5. Chicken Pasta SaladChicken Pasta Salad

Two summertime classics — pasta salad and chicken salad — come together to create one tasty dish.

Source: Circle of Moms user Robin Bunker

6. Southwestern Pasta SaladSouthwestern Pasta Salad

Packed with protein and veggies, Two Peas and Their Pod's fiesta-inspired salad is great as a side dish or main course. To avoid a soggy salad, serve the dressing on the side.

Source: Two Peas and Their Pod

7. Pesto Pasta SaladPesto Pasta Salad

If you want to sneak some extra veggies into your tot's pesto pasta salad, substitute half of the basil with spinach.

Source: POPSUGAR Food

8. Orzo Salad

Orzo Salad

Orzo makes a great, light alternative to traditional pastas.

Source: Circle of Moms user Nicole Diffenbaugh

9. BBQ Macaroni Salad

BBQ Macaroni SaladMel's Kitchen Cafe kicks up traditional macaroni salad with kielbasa, peppers, and BBQ sauce.

Source: Mel's Kitchen Cafe

10. Avocado, Shrimp, and Pasta Salad

Avocado, Shrimp, and Pasta Salad

A great lunchbox or picnic dish, Good Cooks' avocado pasta salad is easy to make and bursting with flavor. Try making different variations by substituting chicken for shrimp or using seasonal vegetables throughout the year.

Source: Good Cooks

11. Tricolor Pasta
Tricolor PastaKids will be able to taste the rainbow in Mel's Kitchen Cafe's vibrant pasta salad.

Source: Mel's Kitchen Cafe

12. 5-Ingredient Pasta Salad

5-Ingredient Pasta SaladEverything you need to make Gimme Some Oven's simple salad is probably already in your pantry and fridge.

Source: Gimme Some Oven

13. Roasted Vegetable Pasta Salad

Roasted Vegetable Pasta Salad

Thanks to its tangy taste, Sunny Side Up's pasta salad is sure to be a dish everyone will enjoy. Try adding your own twist using fun-shaped pasta.

Source: Sunny Side Up

14. Gluten-Free Pasta Salad

Gluten-Free Pasta Salad

Kids with or without a gluten intolerance will devour Keep It Simple, Keep It Fresh's gluten-free creation.

Source: Keep It Simple, Keep It Fresh

15. Crab Pasta Salad

Crab Pasta Salad

Take advantage of the season's fresh seafood, and whip up this crab-filled salad.

Source: Circle of Moms user Sarah Schroer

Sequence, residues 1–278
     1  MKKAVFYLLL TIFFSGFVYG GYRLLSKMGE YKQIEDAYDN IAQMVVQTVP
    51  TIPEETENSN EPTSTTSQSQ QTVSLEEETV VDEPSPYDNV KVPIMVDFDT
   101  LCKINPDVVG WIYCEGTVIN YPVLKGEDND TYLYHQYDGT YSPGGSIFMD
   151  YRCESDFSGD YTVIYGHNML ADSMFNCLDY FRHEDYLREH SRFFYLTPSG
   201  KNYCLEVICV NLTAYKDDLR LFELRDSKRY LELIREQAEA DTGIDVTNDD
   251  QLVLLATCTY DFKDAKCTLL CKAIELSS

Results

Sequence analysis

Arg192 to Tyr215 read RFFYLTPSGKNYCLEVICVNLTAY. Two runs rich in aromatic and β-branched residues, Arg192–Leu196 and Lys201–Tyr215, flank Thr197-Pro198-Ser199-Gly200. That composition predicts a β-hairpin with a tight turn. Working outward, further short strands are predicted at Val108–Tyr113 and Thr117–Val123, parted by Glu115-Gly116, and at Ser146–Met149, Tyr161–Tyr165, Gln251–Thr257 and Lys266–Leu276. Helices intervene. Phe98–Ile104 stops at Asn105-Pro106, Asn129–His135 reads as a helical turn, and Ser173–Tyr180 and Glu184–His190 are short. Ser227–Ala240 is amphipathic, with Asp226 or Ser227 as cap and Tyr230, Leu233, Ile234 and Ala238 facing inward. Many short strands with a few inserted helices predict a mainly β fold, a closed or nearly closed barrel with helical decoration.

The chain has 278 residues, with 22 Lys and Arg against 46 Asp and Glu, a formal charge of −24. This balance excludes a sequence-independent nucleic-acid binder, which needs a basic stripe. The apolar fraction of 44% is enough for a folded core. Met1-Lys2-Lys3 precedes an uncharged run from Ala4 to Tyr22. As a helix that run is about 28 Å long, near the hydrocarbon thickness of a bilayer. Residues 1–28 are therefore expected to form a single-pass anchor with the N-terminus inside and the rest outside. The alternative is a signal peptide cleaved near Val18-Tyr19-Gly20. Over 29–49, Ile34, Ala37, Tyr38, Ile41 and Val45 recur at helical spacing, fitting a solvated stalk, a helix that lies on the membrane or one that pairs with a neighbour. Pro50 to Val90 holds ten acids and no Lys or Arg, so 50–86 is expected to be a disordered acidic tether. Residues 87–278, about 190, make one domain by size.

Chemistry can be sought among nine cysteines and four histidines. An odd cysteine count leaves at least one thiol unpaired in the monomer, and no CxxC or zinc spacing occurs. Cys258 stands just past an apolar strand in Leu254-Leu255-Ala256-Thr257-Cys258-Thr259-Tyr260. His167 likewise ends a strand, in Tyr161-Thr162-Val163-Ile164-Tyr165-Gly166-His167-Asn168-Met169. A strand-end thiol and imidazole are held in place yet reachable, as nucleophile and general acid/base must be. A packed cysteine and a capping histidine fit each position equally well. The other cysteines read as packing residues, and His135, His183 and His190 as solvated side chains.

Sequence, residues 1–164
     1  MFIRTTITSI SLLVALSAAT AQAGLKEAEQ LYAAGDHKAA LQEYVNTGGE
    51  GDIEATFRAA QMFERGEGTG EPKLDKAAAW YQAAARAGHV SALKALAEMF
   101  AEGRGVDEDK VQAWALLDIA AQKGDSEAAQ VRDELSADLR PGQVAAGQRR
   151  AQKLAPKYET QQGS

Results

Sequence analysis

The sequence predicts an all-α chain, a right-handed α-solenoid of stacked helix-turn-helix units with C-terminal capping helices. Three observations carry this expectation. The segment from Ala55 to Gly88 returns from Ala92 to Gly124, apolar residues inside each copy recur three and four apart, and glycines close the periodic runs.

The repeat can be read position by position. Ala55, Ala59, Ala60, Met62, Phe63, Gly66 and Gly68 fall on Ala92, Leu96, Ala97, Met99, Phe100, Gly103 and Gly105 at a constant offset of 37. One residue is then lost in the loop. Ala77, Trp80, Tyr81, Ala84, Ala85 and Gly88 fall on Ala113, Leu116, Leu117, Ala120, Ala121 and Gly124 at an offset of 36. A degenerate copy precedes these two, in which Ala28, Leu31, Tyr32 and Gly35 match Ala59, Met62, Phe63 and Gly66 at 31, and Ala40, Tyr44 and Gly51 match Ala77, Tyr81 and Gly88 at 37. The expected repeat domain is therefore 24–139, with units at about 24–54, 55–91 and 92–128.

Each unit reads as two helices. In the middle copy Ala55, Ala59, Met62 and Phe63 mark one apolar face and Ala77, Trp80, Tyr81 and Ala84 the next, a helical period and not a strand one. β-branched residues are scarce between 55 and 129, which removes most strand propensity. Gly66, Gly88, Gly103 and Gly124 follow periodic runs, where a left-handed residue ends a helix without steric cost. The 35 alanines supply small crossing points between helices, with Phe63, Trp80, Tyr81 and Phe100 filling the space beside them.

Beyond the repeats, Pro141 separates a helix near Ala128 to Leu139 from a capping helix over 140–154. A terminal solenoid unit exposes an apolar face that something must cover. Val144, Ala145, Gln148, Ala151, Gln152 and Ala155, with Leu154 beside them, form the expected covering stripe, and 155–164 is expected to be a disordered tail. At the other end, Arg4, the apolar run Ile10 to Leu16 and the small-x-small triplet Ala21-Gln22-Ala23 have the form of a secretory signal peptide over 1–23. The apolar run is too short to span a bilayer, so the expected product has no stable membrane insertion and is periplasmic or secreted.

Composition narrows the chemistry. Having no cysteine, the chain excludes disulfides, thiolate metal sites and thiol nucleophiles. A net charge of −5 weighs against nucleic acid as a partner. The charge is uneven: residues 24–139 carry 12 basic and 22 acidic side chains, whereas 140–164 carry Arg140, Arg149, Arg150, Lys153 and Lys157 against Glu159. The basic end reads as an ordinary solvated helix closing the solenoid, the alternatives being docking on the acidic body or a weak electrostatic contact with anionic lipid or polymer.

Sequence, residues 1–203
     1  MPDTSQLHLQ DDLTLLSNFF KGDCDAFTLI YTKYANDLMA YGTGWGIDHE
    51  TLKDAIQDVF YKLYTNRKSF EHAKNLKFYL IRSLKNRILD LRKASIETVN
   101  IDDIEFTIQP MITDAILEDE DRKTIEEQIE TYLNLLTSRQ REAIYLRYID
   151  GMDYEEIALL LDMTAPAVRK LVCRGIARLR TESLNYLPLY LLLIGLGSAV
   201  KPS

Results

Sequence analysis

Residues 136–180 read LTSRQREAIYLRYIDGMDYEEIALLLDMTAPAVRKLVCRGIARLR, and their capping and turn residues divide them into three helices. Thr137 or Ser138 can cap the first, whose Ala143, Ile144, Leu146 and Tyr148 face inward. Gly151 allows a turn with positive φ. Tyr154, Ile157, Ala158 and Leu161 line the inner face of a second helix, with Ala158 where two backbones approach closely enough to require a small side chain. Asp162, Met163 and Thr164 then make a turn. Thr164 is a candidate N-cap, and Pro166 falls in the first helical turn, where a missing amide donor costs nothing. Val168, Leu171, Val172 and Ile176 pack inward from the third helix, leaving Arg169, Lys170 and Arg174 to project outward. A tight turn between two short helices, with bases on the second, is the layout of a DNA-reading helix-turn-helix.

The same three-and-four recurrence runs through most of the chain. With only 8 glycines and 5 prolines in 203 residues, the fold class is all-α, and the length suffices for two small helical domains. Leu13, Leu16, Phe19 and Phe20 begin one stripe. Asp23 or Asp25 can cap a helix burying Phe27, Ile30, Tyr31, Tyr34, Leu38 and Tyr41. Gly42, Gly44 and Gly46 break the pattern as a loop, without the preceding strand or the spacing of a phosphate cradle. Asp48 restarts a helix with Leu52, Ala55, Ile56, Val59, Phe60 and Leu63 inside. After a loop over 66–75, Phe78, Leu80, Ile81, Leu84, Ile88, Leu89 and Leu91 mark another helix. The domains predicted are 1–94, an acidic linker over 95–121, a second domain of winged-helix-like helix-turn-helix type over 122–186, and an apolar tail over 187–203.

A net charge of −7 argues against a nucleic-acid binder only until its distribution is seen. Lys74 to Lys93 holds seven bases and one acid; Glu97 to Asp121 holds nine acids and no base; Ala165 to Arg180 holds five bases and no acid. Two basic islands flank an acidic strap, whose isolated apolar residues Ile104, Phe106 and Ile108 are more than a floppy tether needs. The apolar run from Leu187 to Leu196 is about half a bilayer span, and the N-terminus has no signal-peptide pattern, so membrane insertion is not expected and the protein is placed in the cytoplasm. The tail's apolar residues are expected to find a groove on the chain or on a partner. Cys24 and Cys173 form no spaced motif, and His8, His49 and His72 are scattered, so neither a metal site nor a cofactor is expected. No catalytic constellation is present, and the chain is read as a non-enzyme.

16. Sunbutter Noodles

Sunbutter Noodles

Shh, don't tell the kids that these noodles are actually strips of zucchini. Oatmeal With a Fork's sunbutter noodles fill the kids with nutrients without them knowing!

Source: Oatmeal With a Fork

17. Pasta With White Beans and Tomatoes

Pasta With White Beans and Tomatoes

The Clever Carrot's simple pasta recipe has seasonal favorites like arugula and white beans for creaminess.

Source: Good Life Eats

18. Home-Style Macaroni Salad

Home-Style Macaroni Salad

Peas and Crayons' home-style macaroni salad is Summer's version of your little one's favorite dish. It directly translates to creamy, cheesy goodness with a (healthy) catch.

Source: Peas and Crayons

19.Crazy Delicious Pasta Salad

Crazy Delicious Pasta SaladWith ingredients like fresh vegetables and Summer sausage, we can understand why Keep It Simple, Keep It Fresh dubbed this a crazy delicious salad.

Source: Keep It Simple, Keep It Fresh

20. Pasta Salad Skewers

Pasta Salad Skewers

Thanks to Cooking With My Kid, your child can enjoy pasta salad on the go!

Source: Cooking With My Kid

21. Fruity Pasta Salad

Fruity Pasta Salad

Who said pasta salad can't be a dessert? Western Gardens' sweet salad highlights Summer's best produce — fruit!

Source: Western Gardens

 

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Take the Heat Out of the Kitchen! 20 Summer Crockpot Recipes

By Gen Cohen

Crockpots are a cold-weather essential, but if you're accustomed to putting your slow cooker away from April to September, you may want to reconsider. These 20 easy summer crockpot recipes do what the grill cannot, allowing your dinner to cook itself while you head off to work, summer camp carpool duty, or whatever else the day has in store From pulled pork to vegetarian lasagna that lets you put all of that seasonal squash and zucchini to use, you're guaranteed to find a few great summer crockpot meals ideas to get your family through the second half of summer.